Imagine a day at the beach. Imagine that you’ve been out past the waves just floating on your back in the water, and now you want to go back to land. You start making your way back and it’s really easy; you just drift along with the waves as you are pushed back to shore. At some point, you’re gonna have to get up off your ass and onto your feet, however, and once you’re on your feet, it suddenly becomes much harder. Your feet start to sink into the wet sand; it’s a great effort just to get one above the water. The waves receding pull your legs behind you, making each step a chore. That’s what listening to “Wiped Out!” the latest album by The Neighborhood is analogous to.
The Neighbourhood is a California-based alternative rock band. Their last full-length, 2013’s “I Love You,” was met with less-than-lukewarm reception from critics. But the album has aged better than what was expected. On “I Love You,” The Neighbourhood showed that they can craft some pretty decent alt-rock songs like “Afraid,” “W.D.Y.W.F.M?” and “Sweater Weather”–the band’s biggest hit. Special attention should be given to the use of vocals with distortion that harmonize with the lead voice. It gave the album a much needed flare of personality.
Then came the rogue wave that was “#000000 & #ffffff,” a mixtape released by The Neighbourhood. This is a full blown hip-hop mixtape by an alt-rock band featuring everything from a Danny Brown feature to a Lil Wayne sample. Surprisingly, the mixtape wasn’t half bad. The Neighbourhood was pretty serious about experimenting with their style on this project and the result is a fusion of genres and styles to create something original.
Unfortunately, The Neighbourhood did not carry this experimental mentality onto “Wiped Out!” The biggest problem with this album is that it is boring. The band goes for a “chill” feeling for the album, but they miss the mark.
Right out of the gate, the album frustrates with the opener “Moment of Silence.” This track isn’t a song. It is literally 30 seconds of silence (which is way longer than a “moment”). It’s not deplorable that the album starts with a track of just silence. What is deplorable is that it lasts for half a minute with absolutely no context.
At least when other artists try to get away with passing silence for actual song-writing, they normally have some bullshit excuse to justify it (looking at Chance, the Rapper’s “Pusha Man”). There is no reason to have this track take up this much space on the album. You stand to lose absolutely nothing by skipping past this track each time the album starts.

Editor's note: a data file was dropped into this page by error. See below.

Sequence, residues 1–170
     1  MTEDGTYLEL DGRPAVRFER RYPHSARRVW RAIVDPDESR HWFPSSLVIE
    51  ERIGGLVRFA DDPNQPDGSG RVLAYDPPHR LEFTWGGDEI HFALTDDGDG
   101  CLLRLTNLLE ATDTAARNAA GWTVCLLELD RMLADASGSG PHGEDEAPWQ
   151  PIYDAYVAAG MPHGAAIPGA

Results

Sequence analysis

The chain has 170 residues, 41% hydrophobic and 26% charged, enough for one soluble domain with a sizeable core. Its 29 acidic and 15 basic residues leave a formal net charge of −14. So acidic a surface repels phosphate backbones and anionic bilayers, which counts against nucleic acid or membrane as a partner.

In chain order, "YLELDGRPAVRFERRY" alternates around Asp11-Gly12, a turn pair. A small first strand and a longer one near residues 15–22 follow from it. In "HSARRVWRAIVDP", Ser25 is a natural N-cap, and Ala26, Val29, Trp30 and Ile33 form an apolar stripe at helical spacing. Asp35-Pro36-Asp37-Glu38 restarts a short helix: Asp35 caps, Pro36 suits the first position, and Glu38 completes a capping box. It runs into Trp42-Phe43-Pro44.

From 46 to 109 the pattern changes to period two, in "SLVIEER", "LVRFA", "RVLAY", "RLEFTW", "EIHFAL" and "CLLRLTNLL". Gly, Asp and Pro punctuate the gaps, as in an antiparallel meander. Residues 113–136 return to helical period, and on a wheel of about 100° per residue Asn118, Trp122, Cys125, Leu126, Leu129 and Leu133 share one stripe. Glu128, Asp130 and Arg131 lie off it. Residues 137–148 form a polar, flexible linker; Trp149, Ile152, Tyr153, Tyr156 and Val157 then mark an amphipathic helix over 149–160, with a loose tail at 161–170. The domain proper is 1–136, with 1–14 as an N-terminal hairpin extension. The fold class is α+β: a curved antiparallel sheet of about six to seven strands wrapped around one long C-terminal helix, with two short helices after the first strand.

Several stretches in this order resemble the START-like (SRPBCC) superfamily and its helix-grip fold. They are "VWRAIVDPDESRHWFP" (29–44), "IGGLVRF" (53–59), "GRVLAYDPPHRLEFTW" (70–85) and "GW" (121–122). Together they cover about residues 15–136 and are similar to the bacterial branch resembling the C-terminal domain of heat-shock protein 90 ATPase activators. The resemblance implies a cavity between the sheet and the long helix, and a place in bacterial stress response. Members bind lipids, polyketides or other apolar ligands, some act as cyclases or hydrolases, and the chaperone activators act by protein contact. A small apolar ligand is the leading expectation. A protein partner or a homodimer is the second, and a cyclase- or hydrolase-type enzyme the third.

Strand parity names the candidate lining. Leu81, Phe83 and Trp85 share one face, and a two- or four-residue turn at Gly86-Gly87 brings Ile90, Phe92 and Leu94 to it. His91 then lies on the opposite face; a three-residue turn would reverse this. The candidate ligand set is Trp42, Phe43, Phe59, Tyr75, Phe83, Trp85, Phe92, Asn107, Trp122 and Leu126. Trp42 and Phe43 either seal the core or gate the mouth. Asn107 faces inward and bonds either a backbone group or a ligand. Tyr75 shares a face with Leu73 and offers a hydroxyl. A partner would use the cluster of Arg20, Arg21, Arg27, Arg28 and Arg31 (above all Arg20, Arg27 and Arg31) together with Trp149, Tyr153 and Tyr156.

Besides wasting the listener’s time, The Neighbourhood also commits the cardinal sin of making a boring album. Besides the first three tracks after the opener, the album is a complete chore to get through. Each song is the same mix of groaned/whispered vocals over ambient synths, guitar and some slow percussion; there is very, very little to differentiate each song from one another. This wouldn’t be a problem if each song was interesting, but the lyrics are so dull that you can’t help but let them go in one ear and then out the other.
The one thing a listener might do more than yawn while listening to this album is cringe. The song “Daddy Issues” for example, attempts to be a sweet song about frontman Jesse Rutherford relating with a girl about lost parents, but the lyrics come off so creepily when they are quietly whispered into your ear.
Case in point: “If you were mine, little girl / I’d do whatever I could do”–did these lines not ring any alarm bells in the head of anyone in the band? Then again this is the same band that purposely put 30 seconds of silence as the opener to their album, but I digress.
Granted, “Wiped Out!” does have some rare good moments. The track “Cry Baby” is a fairly enjoyable pop track with some pretty clever use of the phrase “Cry Baby.” The first actual song of the album “Prey” is also a pretty energetic song where the percussion and vocals blend nicely. The album’s closer “R.I.P. 2 My Youth” is an enjoyable track if you don’t listen too closely to the lyrics.
But these tracks are the few exception to the 11-song tracklist. The rest of the tracks on this album are dull, uninteresting and too slow for their own good. Even when the band does break out of this dull reverie, such as the hard-hitting synth on “Baby Came Home 2 / Valentines,” it lasts two minutes too long. “Greetings from Califournia” has some cowbell on it, but it is way too sparse to bring this song out of the mediocrity in which it is entrenched.
Overall, it is very hard to recommend this album. It’s obvious to see that The Neighbourhood was trying to go for a “chill” schtick on this album, but they miss the mark by a great margin.
If, for some ungodly reason, you run out of Nyquil while nursing this season’s cold and want to give alternative sleep-aids a shot, by all means try this album out. But if you like listening to music to elicit a positive, or any kind of meaningful response, then you might be better off jumping back to The Neighbourhood’s mixtape, “#000000 & #ffffff.”